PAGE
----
From time to time, I’d like to highlight some of the most thought provoking articles on science that I’ve read recently. To me the most interesting ones tend to be ones that have some sort of philosophical implication, either on human nature or the nature of the universe in general. In this entry, I cover two recent articles on human nature, one on the latest attempt at a comprehensive theory of everything and finally one on an extremely speculative theory of what happens to the universe when humans simply observe it.
Continue reading Recent Interesting Science Articles (Oct – Nov ’07)
John Scalzi recently posted a highly entertaining account on his visit to the Creation Museum in Kentucky in the US, complete with 100 photos of the whole thing. Among some of the most ridiculous claims the museum makes is that dinosaurs lived contemporaneously with humans until as late as the Fifth Dynasty of ancient kingdom of Egypt. Even more amusingly, they claim that before Adam committed the original sin of eating the forbidden apple in the Garden of Eden, all animals were herbivores, even some fearsome dinosaurs as the mighty Tyrannosaurus Rex. They suggest that before Adam ate the apple, the T. Rexes used their gigantic fangs and claws to eat coconuts.
Personally, I recall going to Sunday school once at an early age and hearing the story of the Garden of Eden. Even then, my bullshit detectors went off because, well, having read stuff like Sir Arthur Conan Doyle’s The Lost World, I wondered where were the dinosaurs in the story? As Scalzi writes, you really have to admire the chutzpah of creationists who can insert dinosaurs into Paradise and still claim with a straight face that all the facts fit together just fine.
As ridiculous as this sounds, this is a pretty big deal in the United States. The Creation Museum cost US$27 million and is reportedly attracting crowds of a decent size, while approximately two thirds of Americans believe that creation science should be taught alongside evolution in schools. More worrying still, as The Economist noted earlier this year, the movement is becoming global, with Turkey in particular being a centre for Muslim creationism.
I’m particularly curious about attitudes in Malaysia. From anecdotal evidence, I believe that most Malaysians still harbour significant doubts about human evolution without actually committing themselves to so ludicrous a belief as the 6 day Young Earth Creationism taught by the museum. This is still a shame though because the consensus among scientists is that evolution is probably the most well established and well documented theory in all of science and answers to the most common questions are easily found on websites like the TalkOrigins Archive.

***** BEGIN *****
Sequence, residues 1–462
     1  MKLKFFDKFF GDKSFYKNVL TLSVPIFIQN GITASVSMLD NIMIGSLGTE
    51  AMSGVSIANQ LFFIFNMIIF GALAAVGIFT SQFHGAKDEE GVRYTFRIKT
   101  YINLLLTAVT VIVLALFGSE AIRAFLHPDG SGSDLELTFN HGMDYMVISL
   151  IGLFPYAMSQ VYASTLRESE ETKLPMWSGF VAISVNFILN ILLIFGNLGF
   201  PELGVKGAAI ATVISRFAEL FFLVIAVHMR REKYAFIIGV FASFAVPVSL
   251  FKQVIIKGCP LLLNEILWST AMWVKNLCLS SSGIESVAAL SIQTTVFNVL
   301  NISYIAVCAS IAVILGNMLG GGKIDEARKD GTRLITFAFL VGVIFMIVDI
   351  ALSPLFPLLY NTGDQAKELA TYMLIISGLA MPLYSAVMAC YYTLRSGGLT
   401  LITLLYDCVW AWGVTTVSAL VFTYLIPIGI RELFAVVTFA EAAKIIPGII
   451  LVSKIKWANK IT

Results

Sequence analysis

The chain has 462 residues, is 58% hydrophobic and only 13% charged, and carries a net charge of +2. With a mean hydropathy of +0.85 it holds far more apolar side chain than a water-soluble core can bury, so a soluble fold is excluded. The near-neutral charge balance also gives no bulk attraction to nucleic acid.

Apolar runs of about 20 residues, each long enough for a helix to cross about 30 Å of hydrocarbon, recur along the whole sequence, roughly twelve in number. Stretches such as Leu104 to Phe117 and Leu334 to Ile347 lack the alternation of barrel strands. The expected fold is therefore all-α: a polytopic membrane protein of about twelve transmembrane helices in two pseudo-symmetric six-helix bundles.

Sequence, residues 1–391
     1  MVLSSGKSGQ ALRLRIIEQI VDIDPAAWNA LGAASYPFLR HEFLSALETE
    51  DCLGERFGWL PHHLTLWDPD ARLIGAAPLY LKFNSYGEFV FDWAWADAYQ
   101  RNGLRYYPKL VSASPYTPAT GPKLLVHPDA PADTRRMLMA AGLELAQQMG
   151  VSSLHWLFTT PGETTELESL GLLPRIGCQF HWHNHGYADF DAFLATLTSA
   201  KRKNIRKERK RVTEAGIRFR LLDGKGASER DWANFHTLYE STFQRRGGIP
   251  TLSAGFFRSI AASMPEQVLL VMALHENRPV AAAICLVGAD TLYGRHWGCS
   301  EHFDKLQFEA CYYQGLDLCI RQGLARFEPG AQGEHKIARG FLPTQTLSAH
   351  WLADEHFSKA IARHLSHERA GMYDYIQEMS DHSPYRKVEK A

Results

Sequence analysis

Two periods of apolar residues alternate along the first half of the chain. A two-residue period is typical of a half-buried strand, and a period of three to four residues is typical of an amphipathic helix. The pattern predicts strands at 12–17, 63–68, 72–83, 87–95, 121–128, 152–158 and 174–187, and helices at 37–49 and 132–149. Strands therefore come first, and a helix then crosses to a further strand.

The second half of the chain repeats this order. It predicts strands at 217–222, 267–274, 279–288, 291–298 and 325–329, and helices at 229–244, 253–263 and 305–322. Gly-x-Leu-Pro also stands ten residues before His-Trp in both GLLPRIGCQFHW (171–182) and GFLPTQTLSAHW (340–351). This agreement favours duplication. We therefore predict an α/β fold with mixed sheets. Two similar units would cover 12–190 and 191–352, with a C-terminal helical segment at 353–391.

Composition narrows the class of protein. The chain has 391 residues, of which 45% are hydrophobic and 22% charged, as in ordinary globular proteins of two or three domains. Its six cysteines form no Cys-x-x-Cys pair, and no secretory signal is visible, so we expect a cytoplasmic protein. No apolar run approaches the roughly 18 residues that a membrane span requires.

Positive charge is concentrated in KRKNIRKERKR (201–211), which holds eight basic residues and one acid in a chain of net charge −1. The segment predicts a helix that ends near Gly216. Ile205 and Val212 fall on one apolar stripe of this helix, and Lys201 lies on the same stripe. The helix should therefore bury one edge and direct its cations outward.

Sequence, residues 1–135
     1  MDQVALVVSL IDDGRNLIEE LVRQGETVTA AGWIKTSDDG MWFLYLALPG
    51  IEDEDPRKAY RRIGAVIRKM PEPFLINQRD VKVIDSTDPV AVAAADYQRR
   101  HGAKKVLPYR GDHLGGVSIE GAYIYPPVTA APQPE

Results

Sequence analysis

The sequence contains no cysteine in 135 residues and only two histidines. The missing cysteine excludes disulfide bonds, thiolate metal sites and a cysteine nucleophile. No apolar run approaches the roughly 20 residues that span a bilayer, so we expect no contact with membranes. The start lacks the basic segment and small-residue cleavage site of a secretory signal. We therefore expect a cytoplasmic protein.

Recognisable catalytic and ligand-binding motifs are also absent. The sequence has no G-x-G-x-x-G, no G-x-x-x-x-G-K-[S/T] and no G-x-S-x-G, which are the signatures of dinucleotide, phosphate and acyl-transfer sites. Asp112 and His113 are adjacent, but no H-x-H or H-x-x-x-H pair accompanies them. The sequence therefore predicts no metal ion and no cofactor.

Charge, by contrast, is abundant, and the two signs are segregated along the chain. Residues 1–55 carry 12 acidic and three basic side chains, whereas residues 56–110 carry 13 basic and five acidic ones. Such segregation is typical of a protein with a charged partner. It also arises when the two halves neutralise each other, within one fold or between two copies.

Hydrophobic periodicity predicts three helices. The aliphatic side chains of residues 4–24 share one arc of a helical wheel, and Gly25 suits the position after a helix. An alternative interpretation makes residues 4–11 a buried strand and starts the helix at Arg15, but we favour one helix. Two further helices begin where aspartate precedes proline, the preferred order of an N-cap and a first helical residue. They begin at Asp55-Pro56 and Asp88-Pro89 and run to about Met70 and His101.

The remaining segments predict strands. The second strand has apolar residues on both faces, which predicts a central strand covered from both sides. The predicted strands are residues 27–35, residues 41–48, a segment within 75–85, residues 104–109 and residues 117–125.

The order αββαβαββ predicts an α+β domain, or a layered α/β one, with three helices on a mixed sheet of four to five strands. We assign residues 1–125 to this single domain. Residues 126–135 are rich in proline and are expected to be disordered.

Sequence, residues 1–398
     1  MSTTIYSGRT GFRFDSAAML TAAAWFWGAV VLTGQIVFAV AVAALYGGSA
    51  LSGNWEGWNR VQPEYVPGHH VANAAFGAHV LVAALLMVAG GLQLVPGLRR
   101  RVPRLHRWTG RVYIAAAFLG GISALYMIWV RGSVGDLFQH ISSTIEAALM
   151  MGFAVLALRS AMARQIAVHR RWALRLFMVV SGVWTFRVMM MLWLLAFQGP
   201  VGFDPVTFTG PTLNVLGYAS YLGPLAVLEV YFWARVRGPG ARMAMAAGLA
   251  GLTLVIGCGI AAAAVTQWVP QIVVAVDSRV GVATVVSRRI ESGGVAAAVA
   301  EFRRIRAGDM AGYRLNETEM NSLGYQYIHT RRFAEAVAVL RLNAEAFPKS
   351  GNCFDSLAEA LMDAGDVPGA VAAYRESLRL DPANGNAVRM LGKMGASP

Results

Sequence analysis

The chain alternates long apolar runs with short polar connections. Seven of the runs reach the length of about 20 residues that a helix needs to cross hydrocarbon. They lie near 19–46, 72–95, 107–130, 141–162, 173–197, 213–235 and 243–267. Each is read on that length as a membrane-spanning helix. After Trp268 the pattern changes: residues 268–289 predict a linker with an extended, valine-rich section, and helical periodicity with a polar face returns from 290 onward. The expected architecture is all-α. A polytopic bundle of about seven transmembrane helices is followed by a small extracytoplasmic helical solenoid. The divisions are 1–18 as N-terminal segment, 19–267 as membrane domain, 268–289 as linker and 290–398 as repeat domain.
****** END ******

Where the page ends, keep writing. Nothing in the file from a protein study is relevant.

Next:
This month’s issue of Popular Mechanics has an article on the latest advances in mind reading technology: using magnetic resonance imaging machines to determine without ambiguity what a subject is thinking about. As a practical matter, the main experiment cited in the article is actually not that impressive since there was a base success rate of 50 percent simply by guessing what the test subject was thinking about. As a foretaste of what is to come however, it is intriguing. As the imaging resolution goes up and the database from which the raw images are interpreted grows, the accuracy of such devices will only increase. It is well within the realm of the possible that eventually such devices may be available in a portable form.
Continue reading The Death of Free Will
Since a friend of mine, Tan Kien Boon, recently made a post on his blog about an emotionally trying experience that could be related to ghosts, I thought I might write about my closest encounter with the supernatural. This happened several years ago when I was working for a logging company in Gabon in west central Africa. I was sleeping, alone, face up, late in the afternoon, the kind of sleep where you’re not awake but not completely unconscious either.
Continue reading Seeing Ghosts